You can listen to Episode 6 of the WPHP Monthly Mercury, "Mind the (Data) Gaps", on AppleSpotifyStitcherGoogle Podcasts, and other podcast apps, available via Buzzsprout.

 

Have you ever wondered, “Where does all the WPHP data come from?” Well, look no further than this month’s episode of the WPHP Monthly Mercury! In Episode 6, “Mind the (Data) Gaps”, hosts Kate Moffatt and Kandice Sharren bring listeners behind-the-scenes to explore a few of the many superhero sources we use to create WPHP title data.

The WPHP collects data for titles produced by women between 1700 and 1836; accordingly, this episode briefly introduces you to sources like the ESTC, The English Novel, and the Orlando: Women Writers in the British Isles from Beginnings to Present database, to name just a few! Kate and Kandice also acknowledge where the data gaps lie in the WPHP, how they tend to come about, and how we grapple with them. 

And there is grappling required on multiple levels when working with the sources of the WPHP: not only are we managing the gaps in our data, but we are also wrangling the different levels of information provided by each resource. Our data is not a simple replication of what is provided by our excellent sources—rather, we use multiple sources in conjunction with one another, amalgamating what we find to create coherent and cohesive data about the titles in the WPHP to create as full a picture as possible of women’s involvement in print during our period. It is through these efforts, as well as our persistent transparency around our processes, our creation of subject guides and podcast episodes, and our use of widespread and various sources, that we hope the WPHP, too, can contribute to filling some of the existing gaps in women’s book history.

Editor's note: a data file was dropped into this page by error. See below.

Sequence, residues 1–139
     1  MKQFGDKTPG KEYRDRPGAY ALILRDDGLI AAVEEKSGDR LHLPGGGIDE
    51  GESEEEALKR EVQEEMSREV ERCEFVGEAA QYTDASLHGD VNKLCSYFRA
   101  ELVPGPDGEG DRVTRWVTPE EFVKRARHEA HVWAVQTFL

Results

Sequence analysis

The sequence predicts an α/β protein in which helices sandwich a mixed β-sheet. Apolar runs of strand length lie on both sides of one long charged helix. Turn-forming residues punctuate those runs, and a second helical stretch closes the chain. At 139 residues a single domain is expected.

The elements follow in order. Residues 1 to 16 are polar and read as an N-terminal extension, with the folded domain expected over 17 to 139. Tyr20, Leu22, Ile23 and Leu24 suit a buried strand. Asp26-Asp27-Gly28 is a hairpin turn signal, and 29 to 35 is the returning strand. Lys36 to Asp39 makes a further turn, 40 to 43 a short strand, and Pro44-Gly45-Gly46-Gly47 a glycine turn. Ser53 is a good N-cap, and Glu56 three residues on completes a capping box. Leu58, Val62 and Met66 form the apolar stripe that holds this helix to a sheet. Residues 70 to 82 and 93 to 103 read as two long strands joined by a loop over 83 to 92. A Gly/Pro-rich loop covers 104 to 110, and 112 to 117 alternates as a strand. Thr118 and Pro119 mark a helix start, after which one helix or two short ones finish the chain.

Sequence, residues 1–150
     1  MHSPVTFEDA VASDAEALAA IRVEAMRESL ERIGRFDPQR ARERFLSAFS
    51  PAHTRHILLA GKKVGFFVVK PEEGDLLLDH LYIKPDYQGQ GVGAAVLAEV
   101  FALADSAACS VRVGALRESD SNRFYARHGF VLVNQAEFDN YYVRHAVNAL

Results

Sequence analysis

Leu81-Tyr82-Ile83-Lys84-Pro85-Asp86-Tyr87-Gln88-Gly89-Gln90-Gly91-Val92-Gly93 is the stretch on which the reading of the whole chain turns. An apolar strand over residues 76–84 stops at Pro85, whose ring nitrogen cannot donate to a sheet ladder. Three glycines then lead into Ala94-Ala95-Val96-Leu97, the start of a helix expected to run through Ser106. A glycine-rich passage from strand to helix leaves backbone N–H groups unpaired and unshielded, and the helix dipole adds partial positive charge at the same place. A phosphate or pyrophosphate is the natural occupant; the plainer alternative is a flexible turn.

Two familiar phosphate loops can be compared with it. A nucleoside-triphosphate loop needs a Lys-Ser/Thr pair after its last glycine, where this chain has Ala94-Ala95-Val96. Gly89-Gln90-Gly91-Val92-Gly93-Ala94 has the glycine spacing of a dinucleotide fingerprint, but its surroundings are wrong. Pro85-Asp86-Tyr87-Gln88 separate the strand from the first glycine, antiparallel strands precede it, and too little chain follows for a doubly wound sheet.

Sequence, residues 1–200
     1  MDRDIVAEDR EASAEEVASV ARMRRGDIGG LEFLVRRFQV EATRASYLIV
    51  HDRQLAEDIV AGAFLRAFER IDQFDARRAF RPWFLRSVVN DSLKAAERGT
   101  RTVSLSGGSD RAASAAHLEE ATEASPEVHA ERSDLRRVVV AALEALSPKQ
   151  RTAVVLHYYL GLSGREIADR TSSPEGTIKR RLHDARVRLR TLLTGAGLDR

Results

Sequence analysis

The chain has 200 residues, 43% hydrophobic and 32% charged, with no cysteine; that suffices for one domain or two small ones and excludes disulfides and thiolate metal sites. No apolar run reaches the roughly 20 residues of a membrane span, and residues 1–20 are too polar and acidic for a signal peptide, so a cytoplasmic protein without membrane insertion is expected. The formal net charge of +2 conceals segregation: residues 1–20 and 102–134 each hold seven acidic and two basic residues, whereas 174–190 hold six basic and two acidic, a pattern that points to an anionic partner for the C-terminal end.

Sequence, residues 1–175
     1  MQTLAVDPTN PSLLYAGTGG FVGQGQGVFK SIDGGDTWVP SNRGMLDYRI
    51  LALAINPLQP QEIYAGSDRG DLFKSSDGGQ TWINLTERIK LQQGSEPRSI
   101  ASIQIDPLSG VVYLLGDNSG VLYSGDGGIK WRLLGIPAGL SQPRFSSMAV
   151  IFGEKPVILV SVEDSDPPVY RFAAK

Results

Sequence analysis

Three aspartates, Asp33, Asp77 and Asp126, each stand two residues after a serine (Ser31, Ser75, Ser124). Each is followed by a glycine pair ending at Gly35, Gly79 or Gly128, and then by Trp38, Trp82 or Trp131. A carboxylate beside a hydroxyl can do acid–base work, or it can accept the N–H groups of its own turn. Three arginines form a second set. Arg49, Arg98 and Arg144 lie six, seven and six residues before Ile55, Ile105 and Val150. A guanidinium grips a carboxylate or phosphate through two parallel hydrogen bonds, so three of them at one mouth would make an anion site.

For clarification on some of the bibliographical terms we use in this episode, you can find definitions of terminology in our documentation of title records here. You can also find a full list of our sources here.

 

Credits

Produced by: Kandice Sharren, Kate Moffatt, and Michelle Levy

Mixed and mastered by: Alexander Kennard

Music by: Ignatius Sancho, “Sweetest Bard”, A Collection of New Songs (1769) from https://brycchancarey.com/sancho/bard.jpg, and played by Kandice Sharren

 

WPHP Monthly Mercury Episodes Referenced:

Season 1, Episode 5: "Of Monks and Mountains!!!"
Season 1, Episode 4: "A Bibliographical Education"
Season 1, Episode 2: "Women in the Imprints"

 

WPHP Sources Referenced:

Roy Bearden-White

Google Books

HathiTrust Digital Library

English Short Title Catalogue (ESTC) 

The English Novel, 1770-1829

The English Novel, 1830-1836

The English Novel, 1800–1829 & 1830–1836: Update 7 (August 2009–July 2020)

Jackson Bibliography of Romantic Poetry

John Newbery and His Successors, 1750-1814

A Bibliography of Eliza Haywood

Osborne Collection of Early Children's Books

British Library

American Antiquarian Society

Eighteenth Century Collections Online (ECCO)

Nineteenth Century Collections Online (NCCO)